Awakening is a good word for the shift that happens when we realise our true nature. The great Indian sage Ramana Maharshi used to say that the only difference between a normal dream in the night and the “dream of life” is the length of the dream; the dream of life lasts longer.

The shift I talk about, the shift where we wake up from the dream of life can be compared to the shift that happens in the morning when we wake up in bed. Suddenly we find ourselves lying our bed, but just a few seconds earlier we where somewhere else – maybe in India (in our dream). Very much the same happens when we awaken to who we truly are. And we can take the analogy further. When you wake up it is very clear that you created the journey to India while you were lying in the bed; you did not go anywhere. “You” lying in the bed created the whole thing!

When we wake up to who we really are, we realise in a split second that we are effortlessly creating the world we are living in. Everything appears in consciousness – our body, the bed, the house and the entire environment. There is neither inside nor outside. The dualism between inside and outside is ignorance, and it is created by the illusory ego. But in reality there is no ego, just as there is no real dream character in the dream of the night.

Upon awakening we also realise that all is consciousness and that there is no “me”. We discover that life is impersonal. But then, what is creating all this; creating a world, which at first glance seems so real and objective, but disappears when we come close? It is the real “you” or the Divine – they are the same. Let us do a little meditation to illustrate this! Sit or walk and just notice how your attention is moving all the time. Also notice that everywhere you have your attention there is also an experience. Actually attention and experience cannot be separated. It is because “you” – the Divine – creates everything! You see a tree and you can say “that which I truly am is now taking form as this tree”. You see a dog, a house, a person, or anything else, and you can always say the same; “that which I truly am is now taking form as this”.

This way of perceiving reality is so far away from what we have been conditioned to believe. It is a very radical shift from what people in general think. The fact that almost everyone else believes in the duality between subject and object does not mean that it is true. But duality is a very established belief system. Claiming something else can be controversial and people might find it strange. There is an old Indian story about this problem:

There was a woman who lived outside the village, and she had her own well to draw water from. All the other villagers took their water from another well. One day the well in the village got poisoned, and all the people in the village started to show strange mental symptoms. But since they all had the same symptoms no one got suspicious. The woman outside the village was drinking from her own well and was not affected like the people in the village. So the people in the village became suspicious of her and called her weird.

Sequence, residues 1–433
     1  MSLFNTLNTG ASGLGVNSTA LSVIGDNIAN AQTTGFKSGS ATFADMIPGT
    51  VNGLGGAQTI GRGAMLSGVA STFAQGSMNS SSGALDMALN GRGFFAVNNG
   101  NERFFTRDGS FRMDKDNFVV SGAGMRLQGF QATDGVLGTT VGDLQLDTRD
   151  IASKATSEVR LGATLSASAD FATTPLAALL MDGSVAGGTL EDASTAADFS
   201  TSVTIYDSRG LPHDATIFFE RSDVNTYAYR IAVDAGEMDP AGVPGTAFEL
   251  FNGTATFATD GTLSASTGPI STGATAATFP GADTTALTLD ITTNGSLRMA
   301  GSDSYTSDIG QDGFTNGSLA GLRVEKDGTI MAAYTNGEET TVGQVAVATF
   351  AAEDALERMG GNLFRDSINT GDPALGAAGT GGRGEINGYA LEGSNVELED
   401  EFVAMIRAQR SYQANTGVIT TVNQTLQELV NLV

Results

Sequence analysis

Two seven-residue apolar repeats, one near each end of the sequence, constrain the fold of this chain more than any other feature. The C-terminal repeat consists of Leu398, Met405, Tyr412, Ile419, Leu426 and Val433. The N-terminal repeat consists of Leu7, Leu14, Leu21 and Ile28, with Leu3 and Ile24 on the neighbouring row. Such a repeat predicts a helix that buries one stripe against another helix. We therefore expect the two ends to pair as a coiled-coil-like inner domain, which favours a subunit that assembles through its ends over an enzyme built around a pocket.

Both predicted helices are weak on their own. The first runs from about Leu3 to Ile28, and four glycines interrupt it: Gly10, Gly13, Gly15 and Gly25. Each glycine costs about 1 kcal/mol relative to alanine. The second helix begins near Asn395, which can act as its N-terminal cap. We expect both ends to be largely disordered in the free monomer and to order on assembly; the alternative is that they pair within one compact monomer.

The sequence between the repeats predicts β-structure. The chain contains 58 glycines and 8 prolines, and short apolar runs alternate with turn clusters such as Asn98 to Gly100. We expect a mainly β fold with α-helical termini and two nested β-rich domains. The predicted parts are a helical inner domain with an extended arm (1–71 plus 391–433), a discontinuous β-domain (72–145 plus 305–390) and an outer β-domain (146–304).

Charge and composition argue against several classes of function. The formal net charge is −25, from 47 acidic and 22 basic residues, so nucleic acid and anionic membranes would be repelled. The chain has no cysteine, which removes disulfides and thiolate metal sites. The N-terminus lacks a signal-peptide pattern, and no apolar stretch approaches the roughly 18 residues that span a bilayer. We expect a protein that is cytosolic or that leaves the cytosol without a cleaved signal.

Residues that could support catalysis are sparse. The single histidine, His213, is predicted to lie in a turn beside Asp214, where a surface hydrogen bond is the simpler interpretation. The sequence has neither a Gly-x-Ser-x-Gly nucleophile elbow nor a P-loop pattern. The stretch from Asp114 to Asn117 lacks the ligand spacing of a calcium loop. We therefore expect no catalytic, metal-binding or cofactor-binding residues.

This story shows how we are conditioned. The language and the belief systems define what is “normal” and prevent us from realising what we truly are. This conditioning is like a jail and very, very few see that there are “no bars”.

Much of the therapy and psychology we learn in the Western culture is dualistic and not true. To come out of “this collective hypnosis” takes a lot of courage, because people might think that we are a weird.

The Heart

The first step to come out of this collective hypnosis is to learn to “go in”! The truth is discovered inside, not outside. And we must learn to “see with the Heart”. The brain is thinking and creating the dualism between “me” and “my thought”. The Heart is experiencing through intimacy. For the Heart there are not two. That is why we feel good in the company of people that live from their heart; we don’t feel separated from them. In Buddhism there is a very good distinction between “Everyday Mind” and “Nature of Mind”. The Everyday Mind is the thinking mind that creates the distinction between subject and object. It creates the sense of duality. But the Nature of Mind is realised in the Heart. It is our true nature beyond all separation.

The first meeting with the Heart is in the physical heart. A little deeper we find the emotional heart and even deeper the pure sense of being. When we realise being, we step out of time and space. In that moment we know that we were never born and we will never die. The pure being is the Nature of Mind. This realisation is the end of our journey and the end of a personal “me” running the show. It is also the end of agony and pain.


There are many obstacles. One of them is doubt. We are not home before we are free from both doubt and no doubt. As long as the ego-mind is believed to be the centre of who we are there will be doubt. The ego-mind balances on the line between knowing and not-knowing. But our true nature is beyond both!